Background: It has been proposed that the prion, the infectious agent of transmissible spongiform encephalopathies, is PrPSc, a post-translationally modified form of the normal host protein PrPC. We showed previously that mice devoid of PrPC (Prn-p0/0) are completely resistant to scrapie. We now report on the unexpected response of heterozygous (Prn-p0/+) mice to scrapie infection.
Materials and methods: Prn-p0/+, Prn-p0/0 and Prn-p+/+ mice were obtained from crosses of Prn-p0/+ mice. Mice were inoculated intracerebrally with mouse-adapted scrapie agent and the clinical progression of the disease recorded. Mice were sacrificed at intervals, PrPSc was determined as protease-resistant PrP and the prion titer by the incubation time assay.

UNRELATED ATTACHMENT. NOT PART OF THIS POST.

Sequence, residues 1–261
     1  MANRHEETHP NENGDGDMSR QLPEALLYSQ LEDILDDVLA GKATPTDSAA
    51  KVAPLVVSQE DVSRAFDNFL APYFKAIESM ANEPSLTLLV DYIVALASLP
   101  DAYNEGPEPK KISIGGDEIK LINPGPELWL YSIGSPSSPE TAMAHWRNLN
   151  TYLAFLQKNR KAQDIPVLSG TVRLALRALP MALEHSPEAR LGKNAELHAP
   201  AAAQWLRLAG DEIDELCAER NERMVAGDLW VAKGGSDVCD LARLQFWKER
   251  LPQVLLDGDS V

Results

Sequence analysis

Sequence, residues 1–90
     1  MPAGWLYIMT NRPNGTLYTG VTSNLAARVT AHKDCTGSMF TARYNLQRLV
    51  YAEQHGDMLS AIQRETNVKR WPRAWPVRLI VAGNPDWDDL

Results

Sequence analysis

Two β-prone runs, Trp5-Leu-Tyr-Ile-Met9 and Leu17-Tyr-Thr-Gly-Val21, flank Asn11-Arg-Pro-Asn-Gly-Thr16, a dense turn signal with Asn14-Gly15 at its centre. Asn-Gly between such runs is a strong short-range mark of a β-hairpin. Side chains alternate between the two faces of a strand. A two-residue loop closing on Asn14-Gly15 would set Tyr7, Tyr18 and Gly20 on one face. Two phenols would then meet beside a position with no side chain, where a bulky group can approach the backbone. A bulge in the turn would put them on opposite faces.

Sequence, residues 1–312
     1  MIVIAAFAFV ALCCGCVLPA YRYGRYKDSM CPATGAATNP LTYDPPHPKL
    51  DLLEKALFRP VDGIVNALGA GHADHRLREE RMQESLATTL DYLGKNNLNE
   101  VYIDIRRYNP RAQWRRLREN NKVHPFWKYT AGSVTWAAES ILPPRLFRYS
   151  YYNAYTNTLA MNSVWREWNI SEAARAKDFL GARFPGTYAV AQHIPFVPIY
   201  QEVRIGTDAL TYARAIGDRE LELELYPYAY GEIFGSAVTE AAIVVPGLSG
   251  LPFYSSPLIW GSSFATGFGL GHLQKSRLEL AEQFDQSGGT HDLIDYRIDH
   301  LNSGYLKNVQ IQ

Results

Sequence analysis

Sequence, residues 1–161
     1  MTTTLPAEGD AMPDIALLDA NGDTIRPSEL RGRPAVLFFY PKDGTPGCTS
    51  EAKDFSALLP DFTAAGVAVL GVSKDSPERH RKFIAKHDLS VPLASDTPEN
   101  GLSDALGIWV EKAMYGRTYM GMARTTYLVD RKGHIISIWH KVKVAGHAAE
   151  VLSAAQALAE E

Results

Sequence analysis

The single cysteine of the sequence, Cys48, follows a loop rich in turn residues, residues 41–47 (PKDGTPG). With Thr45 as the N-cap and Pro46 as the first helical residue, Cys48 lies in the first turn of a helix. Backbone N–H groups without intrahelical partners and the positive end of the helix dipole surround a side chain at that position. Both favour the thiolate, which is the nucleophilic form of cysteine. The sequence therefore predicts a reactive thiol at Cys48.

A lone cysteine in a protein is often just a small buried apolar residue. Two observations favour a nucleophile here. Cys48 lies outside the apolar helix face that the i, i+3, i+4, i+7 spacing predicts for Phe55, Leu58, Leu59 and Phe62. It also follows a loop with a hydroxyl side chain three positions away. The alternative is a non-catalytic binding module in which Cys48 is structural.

Results: Prn-p0/+ mice, which have about half the normal level of PrPC in their brains, show enhanced resistance to scrapie, as manifested by a significant delay in onset and progression of clinical disease. However, while in wild type animals an increase in prion titer and PrPSc levels is followed within weeks by scrapie symptoms and death, heterozygous Prn-p0/+ mice remain free of symptoms for many months despite similar levels of scrapie infectivity and PrPSc.
Conclusions: Our findings extend previous reports showing an inverse relationship between PrP expression level and incubation time for scrapie. However, contrary to expectation, overall accumulation of PrPSc and prions to a high level do not necessarily lead to clinical disease. These findings raise the question whether high titers of prion infectivity could also persist for long periods under natural circumstances in the absence of clinical symptoms.